There was no perfect choice.
This summer, when parents were forced to realize that the coronavirus pandemic would derail Columbia Public Schools’ status quo well into the fall semester — if not well into 2021 — they were faced with a practically impossible task: Get their children educated without the everyday infrastructure and built-in resources of a classroom. Any parent will tell you parenting is a challenge. Parenting, teaching and working from home — in tandem — is a whole other beast.
Some opted to homeschool their kids. Others waited out the roller coaster of announcements from Columbia Public Schools Superintendent Peter Stiepleman until a part-time return to classrooms was first announced for elementary school students in October. Still others have stuck resolutely with CPS Virtual, the all-online schooling system most Columbia students are using to stay connected with their teachers. And then there were those who formed so-called “pods,” pint-sized groups of students who could learn together each day in safety.
Any parent will tell you parenting is a challenge. Parenting teach and working from home – in tandem – is a whole other beast.
For Kate Slusher, the choice was obvious, if not easy. She was pregnant with her fourth child this summer, and nothing was worth putting a newborn at risk. Her work for the federal government was doable from home, and her husband is self-employed. So, they opted to enroll their kids in full-time CPS Virtual; that way, they could keep themselves in a bubble while the baby took its first breaths. It was a personal decision, but also a morally challenging one, Slusher says. “It weighed a lot on us, the idea of sending the kids to school and potentially spreading [coronavirus] to teachers and administrators and staff at the schools,” she says. “That just seemed like, we could do our part and stay home.”
But she also recognizes her decision was a luxury. Two of her sons are old enough to be independent; they can handle themselves most of the day. Her younger daughter has lots of questions, but even she stays engaged with her teacher over video. Slusher is able to work from her home office, as is her husband. Not all parents have the same autonomy. Earlier this spring, when students were sent home with worksheets, Slusher found herself at a bit of a loss. Even with a flexible job, she didn’t have the time nor the training to parent and teach. She remembers that chaos all too well, and she doesn’t blame parents who made a different choice than she did.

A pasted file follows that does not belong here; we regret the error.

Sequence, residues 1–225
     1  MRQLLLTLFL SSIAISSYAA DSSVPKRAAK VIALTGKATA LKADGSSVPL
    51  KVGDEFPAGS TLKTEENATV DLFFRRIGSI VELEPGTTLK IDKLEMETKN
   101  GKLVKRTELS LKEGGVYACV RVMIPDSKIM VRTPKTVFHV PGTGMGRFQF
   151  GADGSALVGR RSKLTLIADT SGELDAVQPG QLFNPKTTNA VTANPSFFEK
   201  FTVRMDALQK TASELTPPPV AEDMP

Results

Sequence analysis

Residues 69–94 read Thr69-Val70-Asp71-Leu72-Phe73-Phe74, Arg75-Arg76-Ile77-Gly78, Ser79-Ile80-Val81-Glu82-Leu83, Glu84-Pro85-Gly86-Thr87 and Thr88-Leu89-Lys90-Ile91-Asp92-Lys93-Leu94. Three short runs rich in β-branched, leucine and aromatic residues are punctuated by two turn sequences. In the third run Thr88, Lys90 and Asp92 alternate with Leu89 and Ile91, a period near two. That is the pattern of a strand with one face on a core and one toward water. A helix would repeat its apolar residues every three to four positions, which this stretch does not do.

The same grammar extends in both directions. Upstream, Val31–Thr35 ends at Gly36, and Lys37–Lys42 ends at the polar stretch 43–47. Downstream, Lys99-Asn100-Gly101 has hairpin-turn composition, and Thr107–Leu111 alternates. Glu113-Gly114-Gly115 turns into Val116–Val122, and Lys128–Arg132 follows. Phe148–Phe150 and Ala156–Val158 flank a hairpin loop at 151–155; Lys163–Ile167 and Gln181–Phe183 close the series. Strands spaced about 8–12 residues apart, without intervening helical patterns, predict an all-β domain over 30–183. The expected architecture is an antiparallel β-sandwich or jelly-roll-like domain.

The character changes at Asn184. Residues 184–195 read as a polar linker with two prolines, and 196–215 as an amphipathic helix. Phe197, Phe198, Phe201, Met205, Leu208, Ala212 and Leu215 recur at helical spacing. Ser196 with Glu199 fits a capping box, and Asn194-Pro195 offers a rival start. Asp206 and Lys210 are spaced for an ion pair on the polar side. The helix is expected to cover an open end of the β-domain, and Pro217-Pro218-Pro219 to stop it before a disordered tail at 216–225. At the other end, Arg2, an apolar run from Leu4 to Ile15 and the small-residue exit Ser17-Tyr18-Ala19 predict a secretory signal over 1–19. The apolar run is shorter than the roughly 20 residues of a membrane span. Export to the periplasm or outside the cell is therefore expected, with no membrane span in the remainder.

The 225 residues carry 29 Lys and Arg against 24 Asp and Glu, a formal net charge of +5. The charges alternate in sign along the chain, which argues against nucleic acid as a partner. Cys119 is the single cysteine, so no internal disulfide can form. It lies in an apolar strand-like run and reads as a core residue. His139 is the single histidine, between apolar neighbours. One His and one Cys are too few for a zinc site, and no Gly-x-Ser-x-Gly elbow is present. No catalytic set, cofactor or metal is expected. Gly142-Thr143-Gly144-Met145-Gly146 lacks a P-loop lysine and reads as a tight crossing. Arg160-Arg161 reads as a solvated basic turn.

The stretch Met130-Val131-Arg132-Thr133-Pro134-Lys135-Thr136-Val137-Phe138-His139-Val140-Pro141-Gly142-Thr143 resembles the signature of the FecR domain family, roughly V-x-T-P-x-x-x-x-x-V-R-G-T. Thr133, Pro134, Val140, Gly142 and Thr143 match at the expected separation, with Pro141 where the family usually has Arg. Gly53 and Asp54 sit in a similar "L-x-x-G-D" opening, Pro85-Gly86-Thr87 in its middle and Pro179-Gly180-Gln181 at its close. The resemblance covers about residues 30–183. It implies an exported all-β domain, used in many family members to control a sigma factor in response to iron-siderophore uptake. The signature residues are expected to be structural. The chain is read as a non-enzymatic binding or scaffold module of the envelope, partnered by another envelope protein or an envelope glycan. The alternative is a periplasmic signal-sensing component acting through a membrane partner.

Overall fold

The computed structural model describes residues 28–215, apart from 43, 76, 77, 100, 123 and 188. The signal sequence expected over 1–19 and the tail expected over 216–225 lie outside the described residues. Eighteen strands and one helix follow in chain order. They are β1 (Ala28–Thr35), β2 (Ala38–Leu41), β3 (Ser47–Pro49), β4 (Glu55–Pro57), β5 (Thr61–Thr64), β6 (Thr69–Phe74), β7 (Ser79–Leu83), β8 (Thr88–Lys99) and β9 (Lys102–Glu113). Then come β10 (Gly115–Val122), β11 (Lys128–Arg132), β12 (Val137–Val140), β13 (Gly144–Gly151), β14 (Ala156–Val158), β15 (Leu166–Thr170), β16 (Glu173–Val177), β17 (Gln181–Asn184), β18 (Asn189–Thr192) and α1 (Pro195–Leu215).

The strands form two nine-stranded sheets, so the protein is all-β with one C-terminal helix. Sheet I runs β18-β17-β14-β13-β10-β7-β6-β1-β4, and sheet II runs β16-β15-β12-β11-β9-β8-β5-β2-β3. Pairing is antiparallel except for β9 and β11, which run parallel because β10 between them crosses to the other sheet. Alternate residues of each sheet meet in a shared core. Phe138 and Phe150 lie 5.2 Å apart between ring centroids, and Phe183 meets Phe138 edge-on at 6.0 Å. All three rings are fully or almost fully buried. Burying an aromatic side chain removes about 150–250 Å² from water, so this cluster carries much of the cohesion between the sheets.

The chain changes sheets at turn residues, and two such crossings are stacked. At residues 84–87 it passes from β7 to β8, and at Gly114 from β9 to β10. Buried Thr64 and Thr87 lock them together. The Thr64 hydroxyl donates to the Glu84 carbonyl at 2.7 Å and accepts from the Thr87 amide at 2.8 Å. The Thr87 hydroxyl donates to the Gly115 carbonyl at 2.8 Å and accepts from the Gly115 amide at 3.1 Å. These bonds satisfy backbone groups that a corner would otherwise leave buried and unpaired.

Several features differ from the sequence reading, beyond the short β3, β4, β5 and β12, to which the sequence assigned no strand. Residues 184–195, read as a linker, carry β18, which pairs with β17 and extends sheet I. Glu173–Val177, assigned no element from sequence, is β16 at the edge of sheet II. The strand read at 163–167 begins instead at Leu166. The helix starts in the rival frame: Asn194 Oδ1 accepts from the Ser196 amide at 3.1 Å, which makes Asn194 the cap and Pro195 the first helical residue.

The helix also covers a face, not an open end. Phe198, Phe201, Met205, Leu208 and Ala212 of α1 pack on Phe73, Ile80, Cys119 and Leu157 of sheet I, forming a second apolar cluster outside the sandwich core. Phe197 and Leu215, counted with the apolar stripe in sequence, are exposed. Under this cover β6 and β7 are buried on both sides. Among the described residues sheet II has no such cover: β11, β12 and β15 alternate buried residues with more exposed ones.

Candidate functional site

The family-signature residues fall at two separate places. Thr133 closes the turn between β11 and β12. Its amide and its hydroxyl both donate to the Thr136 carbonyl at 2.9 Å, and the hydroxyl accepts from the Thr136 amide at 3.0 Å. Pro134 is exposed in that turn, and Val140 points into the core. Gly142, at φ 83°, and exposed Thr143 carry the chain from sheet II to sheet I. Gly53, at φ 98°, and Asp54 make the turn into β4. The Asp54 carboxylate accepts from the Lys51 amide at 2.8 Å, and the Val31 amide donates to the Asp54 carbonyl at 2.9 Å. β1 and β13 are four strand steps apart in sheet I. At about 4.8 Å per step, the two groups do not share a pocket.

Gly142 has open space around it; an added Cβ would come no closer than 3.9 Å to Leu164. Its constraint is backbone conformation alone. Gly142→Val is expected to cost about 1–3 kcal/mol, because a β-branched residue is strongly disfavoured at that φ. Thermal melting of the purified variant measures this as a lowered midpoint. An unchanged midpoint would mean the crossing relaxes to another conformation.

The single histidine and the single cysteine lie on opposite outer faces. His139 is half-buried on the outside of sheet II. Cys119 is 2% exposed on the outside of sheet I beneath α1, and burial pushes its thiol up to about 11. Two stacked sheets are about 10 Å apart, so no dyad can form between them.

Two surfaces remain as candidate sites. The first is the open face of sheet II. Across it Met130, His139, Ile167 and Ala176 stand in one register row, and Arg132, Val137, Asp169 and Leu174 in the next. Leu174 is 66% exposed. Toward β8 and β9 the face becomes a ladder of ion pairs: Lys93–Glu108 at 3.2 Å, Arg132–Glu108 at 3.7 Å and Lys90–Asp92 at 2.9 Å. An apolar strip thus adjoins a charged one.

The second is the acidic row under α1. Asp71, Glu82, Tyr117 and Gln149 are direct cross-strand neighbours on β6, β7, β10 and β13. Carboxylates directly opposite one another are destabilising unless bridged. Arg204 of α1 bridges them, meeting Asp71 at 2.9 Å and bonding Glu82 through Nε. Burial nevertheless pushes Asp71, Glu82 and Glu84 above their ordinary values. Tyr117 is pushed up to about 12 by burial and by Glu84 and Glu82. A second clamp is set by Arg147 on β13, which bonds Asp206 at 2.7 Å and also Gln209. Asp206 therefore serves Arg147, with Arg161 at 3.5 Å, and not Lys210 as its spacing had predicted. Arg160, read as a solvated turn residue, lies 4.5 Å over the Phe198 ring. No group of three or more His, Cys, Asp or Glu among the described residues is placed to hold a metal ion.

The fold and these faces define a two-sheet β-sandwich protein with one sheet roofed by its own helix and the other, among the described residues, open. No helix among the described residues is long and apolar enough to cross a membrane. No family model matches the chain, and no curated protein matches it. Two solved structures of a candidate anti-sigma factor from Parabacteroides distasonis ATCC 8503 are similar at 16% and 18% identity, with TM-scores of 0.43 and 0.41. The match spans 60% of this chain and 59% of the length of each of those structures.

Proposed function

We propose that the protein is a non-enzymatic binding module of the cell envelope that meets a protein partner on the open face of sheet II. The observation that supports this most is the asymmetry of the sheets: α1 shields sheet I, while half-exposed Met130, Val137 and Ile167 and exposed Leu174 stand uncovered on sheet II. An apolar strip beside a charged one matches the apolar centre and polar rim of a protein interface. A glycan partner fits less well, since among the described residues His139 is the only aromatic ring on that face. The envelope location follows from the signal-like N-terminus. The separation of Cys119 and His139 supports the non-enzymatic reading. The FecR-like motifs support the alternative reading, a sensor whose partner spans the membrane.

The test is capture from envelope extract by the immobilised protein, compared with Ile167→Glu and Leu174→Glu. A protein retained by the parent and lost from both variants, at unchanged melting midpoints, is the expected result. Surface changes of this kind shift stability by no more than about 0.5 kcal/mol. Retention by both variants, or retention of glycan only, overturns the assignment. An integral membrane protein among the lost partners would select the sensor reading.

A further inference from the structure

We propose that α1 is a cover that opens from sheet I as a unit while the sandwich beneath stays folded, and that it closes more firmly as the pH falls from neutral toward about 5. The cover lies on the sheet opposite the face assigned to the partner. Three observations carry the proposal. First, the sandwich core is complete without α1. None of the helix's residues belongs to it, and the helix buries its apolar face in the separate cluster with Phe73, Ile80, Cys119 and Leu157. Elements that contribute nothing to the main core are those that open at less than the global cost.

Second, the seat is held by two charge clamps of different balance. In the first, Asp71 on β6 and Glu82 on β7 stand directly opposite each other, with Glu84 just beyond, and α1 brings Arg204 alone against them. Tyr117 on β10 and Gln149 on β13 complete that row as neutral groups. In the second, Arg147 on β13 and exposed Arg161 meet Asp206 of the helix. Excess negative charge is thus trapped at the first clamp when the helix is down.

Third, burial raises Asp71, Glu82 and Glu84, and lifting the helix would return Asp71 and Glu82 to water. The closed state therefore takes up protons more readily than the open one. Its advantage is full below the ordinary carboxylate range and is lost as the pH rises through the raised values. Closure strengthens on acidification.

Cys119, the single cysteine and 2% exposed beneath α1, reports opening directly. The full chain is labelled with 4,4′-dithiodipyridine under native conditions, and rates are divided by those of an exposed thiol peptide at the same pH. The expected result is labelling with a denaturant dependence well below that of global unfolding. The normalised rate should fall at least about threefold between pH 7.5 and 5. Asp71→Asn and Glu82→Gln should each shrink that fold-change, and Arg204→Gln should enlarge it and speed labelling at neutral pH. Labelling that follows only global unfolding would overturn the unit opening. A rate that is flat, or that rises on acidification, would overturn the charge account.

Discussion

“I know that there was so much controversy and so much angst and anger [from parents over CPS’s choices this year],” she says. “But to [eventually] be put in a position where we didn’t have to send our kids in-person if we didn’t want to, or we didn’t have to be at home if we didn’t want to — I feel really fortunate that that was a choice that we had. Actually, talking with our friends helped us understand what an incredibly personal decision this really was for every family, because my friends made decisions to send their kids in-person for reasons that make so much sense for their family.”
Trial by fire
Tiffany Goran works part-time at Element Cryotherapy, but when the pandemic forced her two young kids indoors, she cut back and rearranged her hours to homeschool her children. She felt the small sacrifice was better than dealing with the inconsistency of going through CPS.
“A lot of the policies that CPS was toying with [this summer] for in-seat classes, as far as like wearing masks and not having field trips, not as much playground time and not being able to eat in the cafeteria … and just the general so much unknown as to how it was gonna go,” Goran says. “They talked about so many options: we may do hybrid; we may do in-seat. I didn’t love the way that school ended in March. We actually didn’t do any of the sent-home [worksheets]; we just did our own thing. I found that kind of consistency was a little bit better for my kids.”
Goran bought traditional school desks off of Facebook Marketplace and set them up in the basement with a whiteboard and posters to mimic a real classroom. But eventually homeschool sessions drifted back upstairs and onto the couch, which was fine with Goran, so long as the work got done. She liked allowing the kids the flexibility of working in their PJs if they needed a more soothing environment. Still, she admits it was often “hard to differentiate between teacher and mom … I definitely did not expect to struggle with teaching third grade math as much as I did.”
So when the Columbia School Board announced in October that elementary students would be welcomed back for in-person classes four days a week, the Goran family signed up. Her kids wanted back inside Fairview Elementary; they missed their friends and teachers. On Oct.19, around 6,000 elementary students returned to their classrooms, according to the Columbia Missourian. CPS made the re-enrollment seamless, Goran says, and she doesn’t fear for her children’s safety.
“You got to kind of go with what works for you,” she says. “And trial and error is really the only way to do that.”
Trial and error has been the name of the game for CPS and the Columbia School Board this fall, which has come under fire from groups including the very active CoMo Parents For The Gorans’ homeschool set up.